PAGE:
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Elizabeth Cullingford, Chair CAL 226, Mailcode B5000, Austin, TX 78712 • 512-471-4991

Fall 2005

E 392M • The Only Child: Literary Representations

Unique Days Time Location Instructor
33710 TTh
9:30 AM-11:00 AM
PAR 206
Cullingford

Course Description

Until recently, having or being an "only child" was perceived as a misfortune. The phrase itself suggests inadequacy: the glass half empty rather than half full. Mothers of one are supposedly over-invested in their offspring, who will be spoiled, arrogant, and selfish; moreover these children will be lonely in childhood and burdened in middle age by the sole responsibility for elderly parents. Although sociological research in both America and China has established that only children are no more lonely or selfish than their peers, and that their self esteem and educational attainments are slightly higher, popular wisdom still endorses the 1928 diagnosis of child psychologist G. Stanley Hall: "Being an only child is a disease in itself."

Yet the single child family is currently the fastest-growing demographic group in the developed world. Within the last twenty years, precipitous declines in fertility have begun to reverse what was once seen as an inevitable upward trend. World population is now expected to stabilize around mid-century, and there will soon be more old people than young ones on the planet: a situation new in human history. The main impetus behind this enormous change is the entry of women into the workforce. Commentators on the status of women, work and family emphasize the struggle entailed in balancing jobs and children; but it appears that the majority of women still intend to have two offspring. Working women, however, marry later and delay pregnancy: factors such as divorce and secondary infertility frequently intervene to frustrate their plans. The only child, whether the result of a joyful positive choice, an eleventh-hour concession to the biological clock, or the failure to produce a sibling, may represent a middle way between the desire for motherhood and the desire or need for paid employment.

To appreciate the magnitude of this social change we have to remember that before the era of antibiotics and reliable contraception, sexually active married women used to be serially pregnant; and their numerous children provided an insurance against high infant mortality, a security for old age, a labor pool for poor families, or a guaranteed heir for aristocratic dynasties. Starting with the Renaissance, we will analyze the changing literary representations of only children in England and North America. Our examples will be selected from influential popular sources, including legends and folktales, the Bible, Shakespeare, the Bronte sisters, Charles Dickens, and Henry James. We will also examine contemporary novels, films, and excerpts from popular parenting manuals, the "conduct books" of our time. We will be concerned with the history of women in the family, the perpetuation or revision of cultural stereotypes, and the considerable aesthetic advantages of the single child: pathos, economy, and intensity. Because of the artistic power of what is unique, there may have been more only children in literature than there were in life. Throughout the course, therefore, we will balance the insights of history, demography and sociology against the imperatives of aesthetic form.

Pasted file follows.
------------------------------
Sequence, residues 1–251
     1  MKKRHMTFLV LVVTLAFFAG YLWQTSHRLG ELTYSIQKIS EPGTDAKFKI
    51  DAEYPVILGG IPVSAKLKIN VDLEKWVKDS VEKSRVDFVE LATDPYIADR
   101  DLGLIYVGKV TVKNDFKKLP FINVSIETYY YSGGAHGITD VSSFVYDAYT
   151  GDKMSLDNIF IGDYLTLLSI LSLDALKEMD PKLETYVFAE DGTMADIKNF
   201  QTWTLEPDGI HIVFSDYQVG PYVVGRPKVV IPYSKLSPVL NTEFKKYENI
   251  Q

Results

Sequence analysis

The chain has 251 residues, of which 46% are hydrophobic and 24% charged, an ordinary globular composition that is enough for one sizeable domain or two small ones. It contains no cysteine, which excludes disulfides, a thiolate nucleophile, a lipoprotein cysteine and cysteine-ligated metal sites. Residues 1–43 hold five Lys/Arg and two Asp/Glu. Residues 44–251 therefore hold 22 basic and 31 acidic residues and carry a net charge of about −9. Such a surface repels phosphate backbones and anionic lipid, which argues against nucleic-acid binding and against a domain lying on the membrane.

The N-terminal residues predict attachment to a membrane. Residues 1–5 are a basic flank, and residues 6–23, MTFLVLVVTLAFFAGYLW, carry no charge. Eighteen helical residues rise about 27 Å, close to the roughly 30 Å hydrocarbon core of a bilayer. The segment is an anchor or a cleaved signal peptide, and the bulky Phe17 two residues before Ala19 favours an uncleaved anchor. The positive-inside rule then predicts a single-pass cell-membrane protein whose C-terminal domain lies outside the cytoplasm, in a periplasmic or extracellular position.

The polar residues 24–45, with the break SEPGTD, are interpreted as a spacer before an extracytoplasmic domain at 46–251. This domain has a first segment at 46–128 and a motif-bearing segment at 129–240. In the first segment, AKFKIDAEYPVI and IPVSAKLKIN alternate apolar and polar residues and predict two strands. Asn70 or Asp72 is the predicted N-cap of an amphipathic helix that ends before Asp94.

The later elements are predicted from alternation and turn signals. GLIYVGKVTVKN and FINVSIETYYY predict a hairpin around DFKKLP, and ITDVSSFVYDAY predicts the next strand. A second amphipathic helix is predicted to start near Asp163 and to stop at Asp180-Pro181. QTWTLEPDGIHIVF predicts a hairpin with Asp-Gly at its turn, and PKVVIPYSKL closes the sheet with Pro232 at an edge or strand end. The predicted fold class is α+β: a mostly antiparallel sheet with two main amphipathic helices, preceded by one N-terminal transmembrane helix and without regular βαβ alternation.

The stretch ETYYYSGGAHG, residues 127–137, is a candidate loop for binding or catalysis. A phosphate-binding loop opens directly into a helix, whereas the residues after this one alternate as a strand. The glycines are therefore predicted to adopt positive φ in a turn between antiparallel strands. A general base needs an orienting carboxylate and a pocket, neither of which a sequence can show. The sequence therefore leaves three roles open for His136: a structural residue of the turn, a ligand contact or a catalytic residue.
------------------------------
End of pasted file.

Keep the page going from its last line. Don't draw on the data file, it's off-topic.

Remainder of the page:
Texts

Selections from the Bible

"Rapunzel"; "Sleeping Beauty"; "Snow White" and other myths and folktales

Shakespeare: Romeo and Juliet, Much Ado about Nothing, Hamlet, Coriolanus, The Tempest

Emily Bronte: Wuthering Heights

Charlotte Bronte: Jane Eyre

Anne Bronte: The Tenant of Wildfell Hall

Henry James: Washington Square, What Maisie Knew

J.M. Coetzee: Disgrace

In the Bedroom, Dir Todd Field

Course packet containing essays by feminists, social historians, demographers, and parenting "experts."

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